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On Thursday, the Supreme Court of the United States blocked the Trump administration’s attempt to dismantle the Deferred Action for Childhood Arrivals (DACA) program that protects nearly 650,000 immigrants from deportation.
The Obama-era program was passed in 2012 by direct executive order, after a failed congressional attempt at immigration reform.
The program gave a renewable two-year legal status to individuals, known as DREAMers, brought to the US as children, provided they graduated from high school or were honorably discharged from the military and passed a background check.
However, the program does not provide DREAMers with a path to permanent citizenship in the country.
In 2017, President Donald Trump attempted to revoke the program only to be blocked by the lower courts, and now, the Supreme Court.
The 5-4 ruling was written by Conservative Judge Chief Justice John Roberts Jr. and joined by liberal Justices Ruth Bader Ginsburg, Elena Kagan, Stephen Breyer and Sonia Sotomayor.
Chief Justice Roberts wrote that the Department of Homeland Security (DHS) had not provided appropriate legal justification for ending DACA.
“The dispute before the court is not whether DHS may rescind DACA. All parties agree that it may. The dispute is instead primarily about the procedure the agency followed in doing so. We address only whether the [Department of Homeland Security] complied with the procedural requirement that it provide a reasoned explanation for its action. Here the agency failed to consider the conspicuous issues of whether to retain forbearance and what if anything to do about the hardship to DACA recipients. That dual failure raises doubts about whether the agency appreciated the scope of its discretion or exercised that discretion in a reasonable manner.”
Roberts also wrote that the DHS had failed to consider the economic loss to the US and the recipients of DACA in their attempt to revoke the program.
“Since 2012, DACA recipients have enrolled in degree programs, embarked on careers, started businesses, purchased homes, and even married and had children, all in reliance. The consequences of the rescission, [advocates] emphasize, would ‘radiate outward’ to DACA recipients’ families, including their 200,000 U.S.-citizen children, to the schools where DACA recipients study and teach, and to the employers who have invested time and money in training them. In addition, excluding DACA recipients from the lawful labor force may, they tell us, result in the loss of $215 billion in economic activity and an associated $60 billion in federal tax revenue over the next ten years,” Roberts said.
The Court’s four conservative justices dissented from the ruling.
Justice Clarence Thomas, writing the principle dissent, noted that the court should have recognized that the program was illegal and unconstitutional.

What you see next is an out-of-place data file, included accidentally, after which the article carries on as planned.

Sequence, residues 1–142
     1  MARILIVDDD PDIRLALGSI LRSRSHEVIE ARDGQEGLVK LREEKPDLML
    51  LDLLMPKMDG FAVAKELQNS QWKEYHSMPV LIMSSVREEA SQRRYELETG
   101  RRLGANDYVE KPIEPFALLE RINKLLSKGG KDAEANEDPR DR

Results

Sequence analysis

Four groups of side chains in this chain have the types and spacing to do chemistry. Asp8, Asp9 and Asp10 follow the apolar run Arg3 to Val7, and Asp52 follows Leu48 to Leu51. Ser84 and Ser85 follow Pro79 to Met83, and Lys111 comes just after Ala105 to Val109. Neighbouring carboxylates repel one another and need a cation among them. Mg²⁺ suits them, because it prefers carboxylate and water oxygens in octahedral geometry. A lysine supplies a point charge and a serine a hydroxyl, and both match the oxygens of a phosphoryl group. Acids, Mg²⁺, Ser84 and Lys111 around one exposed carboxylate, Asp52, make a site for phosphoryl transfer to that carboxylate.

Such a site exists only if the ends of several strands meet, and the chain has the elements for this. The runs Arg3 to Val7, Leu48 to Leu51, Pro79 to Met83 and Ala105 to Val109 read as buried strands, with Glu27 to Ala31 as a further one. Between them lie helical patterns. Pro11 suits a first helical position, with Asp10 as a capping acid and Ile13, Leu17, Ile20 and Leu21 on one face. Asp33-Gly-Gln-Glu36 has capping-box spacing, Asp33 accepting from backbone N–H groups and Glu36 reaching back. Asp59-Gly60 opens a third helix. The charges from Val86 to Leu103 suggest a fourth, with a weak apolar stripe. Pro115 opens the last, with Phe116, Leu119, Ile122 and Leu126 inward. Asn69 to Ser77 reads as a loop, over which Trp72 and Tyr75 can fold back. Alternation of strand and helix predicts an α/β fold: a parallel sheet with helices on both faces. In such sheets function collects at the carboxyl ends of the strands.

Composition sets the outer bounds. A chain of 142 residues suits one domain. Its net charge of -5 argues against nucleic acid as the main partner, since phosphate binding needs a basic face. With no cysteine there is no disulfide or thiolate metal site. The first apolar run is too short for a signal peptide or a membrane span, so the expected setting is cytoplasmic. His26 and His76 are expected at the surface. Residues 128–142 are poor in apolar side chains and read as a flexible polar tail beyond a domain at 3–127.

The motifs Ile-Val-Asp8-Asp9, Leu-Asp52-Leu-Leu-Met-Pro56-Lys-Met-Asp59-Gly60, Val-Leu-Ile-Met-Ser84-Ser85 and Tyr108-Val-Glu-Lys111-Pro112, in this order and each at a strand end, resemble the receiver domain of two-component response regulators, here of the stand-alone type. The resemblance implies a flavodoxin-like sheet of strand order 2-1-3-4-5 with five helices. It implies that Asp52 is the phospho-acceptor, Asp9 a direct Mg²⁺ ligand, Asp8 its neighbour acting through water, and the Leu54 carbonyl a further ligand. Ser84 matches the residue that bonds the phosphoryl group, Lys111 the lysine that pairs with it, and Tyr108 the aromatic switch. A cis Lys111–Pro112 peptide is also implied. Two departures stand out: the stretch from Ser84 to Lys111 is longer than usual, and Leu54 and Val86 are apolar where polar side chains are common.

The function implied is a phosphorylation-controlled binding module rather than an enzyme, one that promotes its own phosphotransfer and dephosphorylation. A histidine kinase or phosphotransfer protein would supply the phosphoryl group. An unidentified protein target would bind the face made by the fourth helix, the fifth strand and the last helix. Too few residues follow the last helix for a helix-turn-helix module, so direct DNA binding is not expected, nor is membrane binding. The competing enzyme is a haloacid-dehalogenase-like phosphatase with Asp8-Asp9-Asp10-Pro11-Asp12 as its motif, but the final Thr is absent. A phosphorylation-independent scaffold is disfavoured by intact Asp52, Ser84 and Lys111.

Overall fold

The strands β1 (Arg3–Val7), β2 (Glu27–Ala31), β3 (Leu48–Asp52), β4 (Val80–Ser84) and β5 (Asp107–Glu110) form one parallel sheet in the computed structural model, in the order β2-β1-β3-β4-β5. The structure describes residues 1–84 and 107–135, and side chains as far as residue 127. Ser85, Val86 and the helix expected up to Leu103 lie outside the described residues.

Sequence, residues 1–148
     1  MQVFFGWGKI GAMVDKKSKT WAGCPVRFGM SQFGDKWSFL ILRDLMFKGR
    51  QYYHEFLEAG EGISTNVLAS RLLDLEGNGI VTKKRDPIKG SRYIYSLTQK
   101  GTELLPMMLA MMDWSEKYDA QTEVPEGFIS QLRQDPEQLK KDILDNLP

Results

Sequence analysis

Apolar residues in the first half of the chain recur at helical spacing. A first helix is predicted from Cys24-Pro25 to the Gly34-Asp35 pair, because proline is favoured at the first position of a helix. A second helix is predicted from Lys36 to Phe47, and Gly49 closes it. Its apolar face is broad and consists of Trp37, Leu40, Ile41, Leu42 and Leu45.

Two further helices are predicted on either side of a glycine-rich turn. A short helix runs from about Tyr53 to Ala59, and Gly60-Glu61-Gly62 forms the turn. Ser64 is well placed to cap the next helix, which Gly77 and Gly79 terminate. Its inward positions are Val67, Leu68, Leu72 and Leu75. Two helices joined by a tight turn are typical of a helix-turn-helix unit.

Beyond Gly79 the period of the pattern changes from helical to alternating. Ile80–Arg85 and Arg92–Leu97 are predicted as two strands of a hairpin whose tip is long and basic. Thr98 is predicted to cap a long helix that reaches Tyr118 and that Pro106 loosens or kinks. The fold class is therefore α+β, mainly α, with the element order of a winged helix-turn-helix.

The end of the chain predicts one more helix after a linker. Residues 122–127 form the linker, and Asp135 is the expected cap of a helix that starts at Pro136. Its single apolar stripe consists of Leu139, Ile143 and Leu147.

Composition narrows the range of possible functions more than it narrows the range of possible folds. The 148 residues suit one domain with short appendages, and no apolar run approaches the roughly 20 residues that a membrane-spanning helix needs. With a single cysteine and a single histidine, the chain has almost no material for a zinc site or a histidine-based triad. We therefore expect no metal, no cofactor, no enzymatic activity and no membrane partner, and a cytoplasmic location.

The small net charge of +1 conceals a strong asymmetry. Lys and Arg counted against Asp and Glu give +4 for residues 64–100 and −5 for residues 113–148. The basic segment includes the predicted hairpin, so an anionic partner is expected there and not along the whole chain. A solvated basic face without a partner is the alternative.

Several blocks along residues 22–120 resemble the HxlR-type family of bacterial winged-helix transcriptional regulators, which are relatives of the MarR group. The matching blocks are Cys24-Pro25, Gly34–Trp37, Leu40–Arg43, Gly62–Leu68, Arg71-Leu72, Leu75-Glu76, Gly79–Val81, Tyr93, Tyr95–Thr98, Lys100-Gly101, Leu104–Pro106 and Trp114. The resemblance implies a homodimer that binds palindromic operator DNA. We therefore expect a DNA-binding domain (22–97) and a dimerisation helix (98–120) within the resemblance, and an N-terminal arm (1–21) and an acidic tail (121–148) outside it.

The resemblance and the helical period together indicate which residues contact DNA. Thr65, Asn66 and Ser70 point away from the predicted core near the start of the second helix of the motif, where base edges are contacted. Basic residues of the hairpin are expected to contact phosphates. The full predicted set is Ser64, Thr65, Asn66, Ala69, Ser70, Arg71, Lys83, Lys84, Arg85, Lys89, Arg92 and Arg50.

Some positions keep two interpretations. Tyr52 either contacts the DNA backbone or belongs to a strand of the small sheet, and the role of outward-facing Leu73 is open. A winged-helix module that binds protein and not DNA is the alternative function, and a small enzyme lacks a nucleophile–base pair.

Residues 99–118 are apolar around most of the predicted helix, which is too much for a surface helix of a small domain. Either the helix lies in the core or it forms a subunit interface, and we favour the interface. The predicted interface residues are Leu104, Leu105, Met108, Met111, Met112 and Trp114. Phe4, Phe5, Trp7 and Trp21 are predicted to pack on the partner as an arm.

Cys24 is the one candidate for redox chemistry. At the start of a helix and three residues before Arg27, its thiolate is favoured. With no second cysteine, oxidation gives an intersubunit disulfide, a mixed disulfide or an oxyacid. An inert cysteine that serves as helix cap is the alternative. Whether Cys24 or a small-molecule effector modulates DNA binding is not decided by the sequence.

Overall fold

His dissent was joined by Justices Samuel Alito Jr., and Neil Gorsuch.
“In implementing DACA, DHS under the Obama administration arrogated to itself power it was not given by Congress. Thus, every action taken by DHS under DACA is the unlawful exercise of power. Now, under the Trump administration, DHS has provided the most compelling reason to rescind DACA: The program was unlawful and would force DHS to continue acting unlawfully if it carried the program forward.
“Today’s decision must be recognized for what it is: an effort to avoid a politically controversial but legally correct decision. The court could have made clear that the solution respondents seek must come from the legislative branch.”
Conservative Justice Brett Kavanaugh dissented on the grounds that the DHS had provided adequate reasons for ending DACA in 2018, despite not doing so in 2017.
In June 2018, former DHS secretary Kirstjen Neilsen, sent a memorandum to the US District Court of Columbia after it demanded further explanation for rescinding DACA. In addition to highlighting how the unconstitutionality of the program meant that DACA recipients were “illegally present” in the US, Neilson stated that rescinding DACA would allow the DHS to consider Deferred Action for immigrants on a case-by-case basis rather than providing protection to an entire category.
However, Roberts stated that the reasoning had come in too late from the Trump administration.
“An agency must defend its actions based on the reasons it gave when it acted.”
Kavanaugh disagreed, stating in his dissent that the Trump administration shouldn’t have to begin the legal process of appealing for the rescission of DACA again.
In reference to the Supreme Court’s decision on DACA and its June 15 ruling that provides federal protections to LGBTQ workers against workplace discrimination, President Donald Trump tweeted, “These horrible & politically charged decisions coming out of the Supreme Court are shotgun blasts into the face of people that are proud to call themselves Republicans or Conservatives. We need more Justices or we will lose our 2nd. Amendment & everything else. Vote Trump 2020!”
He further asked, “Do you get the impression that the Supreme Court doesn’t like me?”
“The Supreme Court’s ruling today is a victory made possible by the courage and resilience of hundreds of thousands of DACA recipients who bravely stood up and refused to be ignored. And as President, I will get to work immediately to make it permanent.”
The judges agreed that the Trump administration could restart the process of revoking DACA again by providing adequate legal justification to the Court.
Cornell Law School professor Stephen Yale-Loehr told NPR, “It’s not remotely possible before the election. But if [Trump] is reelected, he almost certainly will try again."
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